Every company in the world will tell you they are customer-driven. They’ll believe in the principle. They’ll have framed posters on the wall about it. "Solve for The Customer." But none of that means anything unless you actually make the structural decisions to ensure it.
When I rebuilt the product team at HubSpot, back in 2011, I wanted to see if we could get beyond slogans and mantras to structure it in a way that intrinsically placed the customer ahead of everything else. I made a few decisions, in form, process and culture, that were designed to safeguard the team against misdirection and ensure that customers remained central.
(Note: This post first appeared on the Driftt blog, where we share our thoughts on building teams, customer experience, collaboration, and productivity.)Units not Divisions
When you spend more time talking to “internal stakeholders” than your customers, you’ve lost the ship. That’s the truth. It’s a failure that can sneak up on you. One of the highest impact decisions we made at HubSpot was to constrain both the size of the teams working on a product and the scope of work they undertook. Small teams mean fewer distractions, less risk of getting mired in pet rocks, and a singular shared focus on the customer problem at hand.
We started with a tight technical core of three people. No more. These small teams were hyper-focused and autonomous, owning both the product and the process for shipping it. Of the three developers, one takes the role of Tech Lead for the team. The Tech Lead drives timelines and project management, something other companies typically leave in the realm of the PM.
That shift means that PMs, who work across dev teams, can focus solely on customers and vision. As Product VP Jeremy Crane explained in a recent post, “At HubSpot the product manager owns the ‘problem’ and the technical team owns the solution.”
There’s an important distinction I want to call out here that small should not mean narrow when it comes to structuring product teams. While we kept the core technical team tight, they were bolstered by the presence of embedded product marketers and UX designers all fixed on the same problem and solution. Designers and UX researchers informed the product teams from the point of mockups, through testing phases, to the ultimate release and support the product. Similarly product marketers were embedded with the teams from day one working with product managers to understand the problem, develop the customer-focused positioning and execute a go-to-market strategy. The upshot here is that product teams become wholly self-sufficient organisms. They are small enough to retain customer focus but still have the skilled resources they needed to design, test and market the solutions they developed.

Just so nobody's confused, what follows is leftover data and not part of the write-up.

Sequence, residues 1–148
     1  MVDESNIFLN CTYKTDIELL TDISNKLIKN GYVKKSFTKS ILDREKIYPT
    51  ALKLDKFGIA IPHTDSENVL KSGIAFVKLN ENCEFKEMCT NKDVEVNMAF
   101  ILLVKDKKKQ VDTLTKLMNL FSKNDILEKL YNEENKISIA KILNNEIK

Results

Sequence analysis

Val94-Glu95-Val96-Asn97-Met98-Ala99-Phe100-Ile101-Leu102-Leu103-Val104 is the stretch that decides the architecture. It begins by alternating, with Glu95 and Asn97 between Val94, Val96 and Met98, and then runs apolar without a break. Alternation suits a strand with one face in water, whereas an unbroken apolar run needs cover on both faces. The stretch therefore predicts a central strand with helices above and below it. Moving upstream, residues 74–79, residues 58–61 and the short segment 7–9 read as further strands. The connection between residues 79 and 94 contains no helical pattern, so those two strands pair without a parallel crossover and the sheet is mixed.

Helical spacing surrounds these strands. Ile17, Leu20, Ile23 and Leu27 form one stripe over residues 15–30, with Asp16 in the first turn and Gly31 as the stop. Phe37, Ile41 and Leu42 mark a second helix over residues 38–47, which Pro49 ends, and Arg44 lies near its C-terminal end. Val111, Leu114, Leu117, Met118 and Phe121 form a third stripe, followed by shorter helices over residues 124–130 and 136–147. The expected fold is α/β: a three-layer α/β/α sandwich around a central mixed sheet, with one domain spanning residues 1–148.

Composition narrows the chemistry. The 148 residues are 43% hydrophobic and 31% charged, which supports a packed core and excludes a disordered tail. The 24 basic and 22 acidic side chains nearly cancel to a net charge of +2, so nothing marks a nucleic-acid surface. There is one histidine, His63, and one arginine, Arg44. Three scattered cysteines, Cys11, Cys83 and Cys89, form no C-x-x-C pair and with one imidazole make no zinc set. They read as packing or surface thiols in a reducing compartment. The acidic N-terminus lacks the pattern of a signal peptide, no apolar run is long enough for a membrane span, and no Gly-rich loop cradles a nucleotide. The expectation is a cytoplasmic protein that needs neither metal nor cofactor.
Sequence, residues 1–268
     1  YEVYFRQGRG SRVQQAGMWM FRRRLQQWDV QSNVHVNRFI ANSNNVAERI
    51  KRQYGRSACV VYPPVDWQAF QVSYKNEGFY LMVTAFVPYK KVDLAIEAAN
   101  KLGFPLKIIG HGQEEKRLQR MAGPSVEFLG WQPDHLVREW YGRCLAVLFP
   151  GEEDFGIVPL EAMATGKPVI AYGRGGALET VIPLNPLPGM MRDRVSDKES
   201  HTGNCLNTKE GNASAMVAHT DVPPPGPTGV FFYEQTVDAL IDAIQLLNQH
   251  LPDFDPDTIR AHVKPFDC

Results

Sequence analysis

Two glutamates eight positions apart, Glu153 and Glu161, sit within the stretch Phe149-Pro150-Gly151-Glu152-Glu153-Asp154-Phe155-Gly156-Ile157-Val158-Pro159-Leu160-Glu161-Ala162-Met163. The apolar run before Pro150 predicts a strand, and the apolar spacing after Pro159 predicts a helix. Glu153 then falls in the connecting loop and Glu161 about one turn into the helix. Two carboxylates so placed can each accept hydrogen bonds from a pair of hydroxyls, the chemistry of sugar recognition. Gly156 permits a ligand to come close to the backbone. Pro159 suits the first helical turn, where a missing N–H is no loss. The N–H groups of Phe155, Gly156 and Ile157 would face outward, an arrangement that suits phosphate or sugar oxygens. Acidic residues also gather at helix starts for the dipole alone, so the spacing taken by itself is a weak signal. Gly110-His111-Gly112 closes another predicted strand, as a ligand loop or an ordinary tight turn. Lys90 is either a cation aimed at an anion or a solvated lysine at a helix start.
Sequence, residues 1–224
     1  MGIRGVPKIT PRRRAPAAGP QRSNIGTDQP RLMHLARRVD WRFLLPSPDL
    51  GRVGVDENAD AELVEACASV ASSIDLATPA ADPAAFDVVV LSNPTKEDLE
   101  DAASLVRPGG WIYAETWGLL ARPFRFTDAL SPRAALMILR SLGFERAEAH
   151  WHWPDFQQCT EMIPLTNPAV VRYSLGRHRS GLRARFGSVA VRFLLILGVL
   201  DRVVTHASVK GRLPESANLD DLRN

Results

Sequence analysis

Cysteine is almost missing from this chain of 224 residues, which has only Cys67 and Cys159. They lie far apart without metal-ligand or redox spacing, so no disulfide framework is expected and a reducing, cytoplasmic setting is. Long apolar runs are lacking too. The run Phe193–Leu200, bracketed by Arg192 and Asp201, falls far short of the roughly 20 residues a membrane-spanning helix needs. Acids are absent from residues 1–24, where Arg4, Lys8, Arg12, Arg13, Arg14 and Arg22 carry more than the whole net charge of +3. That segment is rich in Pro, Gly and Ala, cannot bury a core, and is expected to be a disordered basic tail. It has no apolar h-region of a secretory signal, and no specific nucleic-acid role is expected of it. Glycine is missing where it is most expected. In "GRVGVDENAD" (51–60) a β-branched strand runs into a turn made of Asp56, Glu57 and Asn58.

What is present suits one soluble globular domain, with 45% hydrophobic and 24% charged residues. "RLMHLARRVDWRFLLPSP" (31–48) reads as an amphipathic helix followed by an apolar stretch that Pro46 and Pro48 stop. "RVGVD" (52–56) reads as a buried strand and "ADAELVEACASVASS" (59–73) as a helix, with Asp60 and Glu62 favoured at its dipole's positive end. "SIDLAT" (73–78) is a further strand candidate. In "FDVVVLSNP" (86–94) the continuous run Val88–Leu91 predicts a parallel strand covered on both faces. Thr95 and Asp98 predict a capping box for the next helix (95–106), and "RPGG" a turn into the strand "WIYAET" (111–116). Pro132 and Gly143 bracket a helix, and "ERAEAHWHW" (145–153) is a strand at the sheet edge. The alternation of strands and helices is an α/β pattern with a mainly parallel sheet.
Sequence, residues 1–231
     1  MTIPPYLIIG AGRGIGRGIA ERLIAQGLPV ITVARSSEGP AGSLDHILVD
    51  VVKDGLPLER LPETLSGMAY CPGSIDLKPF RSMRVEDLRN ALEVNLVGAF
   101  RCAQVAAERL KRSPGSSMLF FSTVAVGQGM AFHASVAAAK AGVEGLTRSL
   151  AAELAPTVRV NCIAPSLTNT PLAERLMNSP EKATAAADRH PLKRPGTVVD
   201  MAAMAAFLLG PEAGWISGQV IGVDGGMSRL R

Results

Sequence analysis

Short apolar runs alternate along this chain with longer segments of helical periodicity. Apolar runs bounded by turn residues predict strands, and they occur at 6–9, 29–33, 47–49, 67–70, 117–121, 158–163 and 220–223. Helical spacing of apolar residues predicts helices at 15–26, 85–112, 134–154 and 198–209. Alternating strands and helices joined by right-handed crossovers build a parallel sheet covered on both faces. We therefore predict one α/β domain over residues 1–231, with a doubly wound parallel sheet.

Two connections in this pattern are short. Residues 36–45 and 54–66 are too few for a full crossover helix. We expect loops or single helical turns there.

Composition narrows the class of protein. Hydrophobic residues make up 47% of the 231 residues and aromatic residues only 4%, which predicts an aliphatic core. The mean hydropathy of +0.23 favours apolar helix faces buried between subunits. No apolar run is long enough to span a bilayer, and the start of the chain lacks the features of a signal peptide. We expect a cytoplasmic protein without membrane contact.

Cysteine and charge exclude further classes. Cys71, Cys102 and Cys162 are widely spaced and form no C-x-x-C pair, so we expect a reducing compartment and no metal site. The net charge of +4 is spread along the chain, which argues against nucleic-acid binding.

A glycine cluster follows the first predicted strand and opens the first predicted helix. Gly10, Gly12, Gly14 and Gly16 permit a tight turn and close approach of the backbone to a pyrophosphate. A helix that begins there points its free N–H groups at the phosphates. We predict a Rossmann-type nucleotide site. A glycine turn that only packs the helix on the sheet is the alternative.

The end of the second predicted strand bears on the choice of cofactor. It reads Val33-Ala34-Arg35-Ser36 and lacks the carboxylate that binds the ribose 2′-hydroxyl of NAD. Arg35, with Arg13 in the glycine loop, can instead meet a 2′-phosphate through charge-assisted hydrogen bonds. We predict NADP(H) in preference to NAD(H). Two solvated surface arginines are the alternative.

Autonomy and Ownership
Ownership at HubSpot means that dev teams are responsible for the entire product including supporting the apps. There are no separate QA or release engineering teams. No fragmented view into whether or not their solution worked. Developers see products through. When a product succeeds, they own that. When a product falls short of solving a customer problem, they carry that weight too. And the iteration process begins. That’s why we shipped quickly and without a lot of executive interference. It’s about the relationship between the customer, his or her problem, and the product team trying to find a solution. We ship quickly, hear from the customer, regroup and ship again. It is this autonomy, fast learning and eventual mastery that drives us.
There is no end-goal. The end-goal is evolution.
At HubSpot I made the decision to not set a public product roadmap. For a company that values transparency, it was a decision that led to a fair amount of hand-wringing from those wanting a reliable way of knowing what was coming next. The problem with product roadmaps however is that they often satiate company curiosity more than they solve customer problems.
I’ll give you an example. Let’s say as part of a public roadmap we commit to creating a certain app or feature. Once stated, the completion of that app becomes the end-goal. The sales team previews it. The business readies for it. But then in talking with customers and testing, let’s say we discover that the app doesn’t solve the problem at all. It’s a false approach. We’ve then got a dichotomy of needs on our hands. Do we serve the company who in stating it publicly has built up an appetite to see this app in the wild? Or do we serve the customer, abandon the approach and build the thing that’s actually going to work?
Roadmaps solve for the company not the customer. What solves for the customer is non-stop testing and a continuous improvement. Instead of having 2-3 releases a month, we had 1000s. Instead of building up a release for months, we got it into the hands of beta users immediately, often before a HubSpot executive had seen it, so that the customer could help us correct and iterate on our direction.
The framed poster on the wall would tell you customer happiness is everyone’s responsibility. Maybe, but that's a really unproductive way to achieve it. As the old axiom says, if everyone is responsible, no one is responsible. By keeping teams small and autonomous, and giving them concrete ownership of specific problems rather than abstract ideas, we were able to build a product team that truly solved for the customer.